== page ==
Almost all Americans agree with the fact that the rampant spread of misinformation is a problem.
Most also think that social media companies and their users are to blame for this situation.
But only a small number of Americans think they themselves can be responsible for the situation. The data is reflected in a new survey by the Pearson Institute, the Associated Press and the NORC research center.
95 percent of Americans say misinformation is a problem when they try to access important information. About half put the biggest blame on the U.S. government, and about three-quarters on social media users and tech companies.
However, only 2 in 10 Americans say they are very concerned that they themselves have personally spread misinformation.
The vast majority, about 6 in 10 Americans, say they are somewhat concerned that their friends or family may have been part of the problem.
For Carmen Speller, a 33-year-old graduate student in Lexington, Kentucky, the differences are obvious when she discusses the coronavirus pandemic with her immediate family circle. Speller believes in COVID-19 vaccines, but her family does not. She believes that the misinformation her family received on television or by reading on suspicious news sites influenced their decision not to be vaccinated against COVID-19.
In fact, some of her family members think she is crazy about trusting the government over the information she disseminates about COVID-19.
“I believe they think I am misinformed. “I am the one who is blindly following what the government says, and that is something I often hear,” Speller said. “The situation has reached the point where it is creating a lot of tension with my family and also with some of my friends.”
Speller is not the only one who has disagreements with her family over these issues.
The poll found that 61% of Republicans say the U.S. government has a lot of responsibility for spreading misinformation, compared to only 38% among Democrats.
However, both Democrats and Republicans agree on the role that social media companies play in spreading misinformation, including Facebook, Twitter, and YouTube.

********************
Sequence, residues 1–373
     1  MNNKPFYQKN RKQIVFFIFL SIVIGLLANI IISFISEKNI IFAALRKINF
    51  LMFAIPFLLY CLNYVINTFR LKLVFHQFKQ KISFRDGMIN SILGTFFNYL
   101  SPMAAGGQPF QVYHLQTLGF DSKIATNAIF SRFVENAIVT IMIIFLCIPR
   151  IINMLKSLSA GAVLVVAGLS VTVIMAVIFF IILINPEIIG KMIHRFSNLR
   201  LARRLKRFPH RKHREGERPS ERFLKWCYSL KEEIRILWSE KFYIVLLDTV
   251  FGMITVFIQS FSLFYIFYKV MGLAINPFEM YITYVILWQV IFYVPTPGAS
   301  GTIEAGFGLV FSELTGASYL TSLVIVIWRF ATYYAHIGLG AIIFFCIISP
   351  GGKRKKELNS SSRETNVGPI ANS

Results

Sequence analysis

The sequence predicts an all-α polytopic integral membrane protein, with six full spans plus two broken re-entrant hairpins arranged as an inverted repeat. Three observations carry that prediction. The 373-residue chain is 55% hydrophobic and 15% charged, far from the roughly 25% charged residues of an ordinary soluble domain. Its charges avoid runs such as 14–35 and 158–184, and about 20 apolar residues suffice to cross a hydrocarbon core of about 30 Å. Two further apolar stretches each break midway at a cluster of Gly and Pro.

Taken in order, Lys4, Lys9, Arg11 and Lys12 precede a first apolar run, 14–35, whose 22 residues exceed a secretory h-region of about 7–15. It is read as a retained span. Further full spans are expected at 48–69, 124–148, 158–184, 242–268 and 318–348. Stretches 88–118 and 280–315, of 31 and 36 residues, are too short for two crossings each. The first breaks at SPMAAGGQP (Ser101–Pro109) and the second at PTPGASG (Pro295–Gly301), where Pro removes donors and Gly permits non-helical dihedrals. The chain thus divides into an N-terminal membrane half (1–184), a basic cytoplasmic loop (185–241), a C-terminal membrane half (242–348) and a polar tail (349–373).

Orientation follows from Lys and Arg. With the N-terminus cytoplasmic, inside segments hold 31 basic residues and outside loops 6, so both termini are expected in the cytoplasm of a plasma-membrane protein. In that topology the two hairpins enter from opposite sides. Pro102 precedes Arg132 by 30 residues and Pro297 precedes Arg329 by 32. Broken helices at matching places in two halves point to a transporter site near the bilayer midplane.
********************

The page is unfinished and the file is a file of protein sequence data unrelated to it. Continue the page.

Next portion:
According to the poll, 79% of Republicans and 73% of Democrats say social media companies have a large liability or a significant percentage of liability over misinformation.
This attitude, rare among Americans, could cause problems for tech giants like Facebook, the largest and most lucrative among social media platforms, which has been criticized by lawmakers from both parties.
“The poll is bad news for Facebook,” said Konstantin Sonin, a professor of public policy at the University of Chicago who also works with the Pearson Institute.
During a hearing in Congress on Tuesday, senators vowed to impose new regulations on the company. This comes after the testimony of a whistleblower, a former Facebook employee, who said that the company’s own data show that its algorithms promote misinformation and content that harm children.
“The company has benefited from spreading misinformation and sowing hatred,” Democratic Sen. Richard Blumenthal told a Senate Subcommittee on Trade and Consumer Protection.
The poll also found that Americans are willing to blame everyone but themselves for spreading misinformation. 53% of them say they are not worried that they may have spread misinformation.
“We encounter this many times. People think it’s something that happens to others. According to them, it is other people who are deceived by it (false information), and other people spread it “, says Lisa Fazio, a professor of psychology at Vanderbilt University, who deals with issues related to the spread of false information. “Most people do not accept their role in this regard,” she said.
Young people tend to be more concerned that they may have disseminated false information. 25% of Americans aged 18 to 29 say they are very or extremely concerned that they have spread misinformation, compared to only 14% of Americans aged 60 and over. Sixty-three percent of the latter are not concerned that they may have been the cause of misinformation.
But as Ms. Fazio says it is older Americans who should be most concerned about the spread of misinformation, given that research shows they are more likely to share an article from a fake news website.
Before sharing things with her family or friends on Facebook, student Carmen Speller tries her best to make sure the information she is conveying on important topics like COVID-19 comes from a trusted medical institution. However, she admits that there have been one or two instances where she has “liked” or “shared” a post on social media regardless of whether the information was accurate or not.
“I’m sure it happened,” she says.
“I tend not to share things on social media that I do not find on verified pages. But I am open if anyone would point out to me, that the information I am disseminating is not accurate. “What would make me think and control such a thing”, adds the student./VOA
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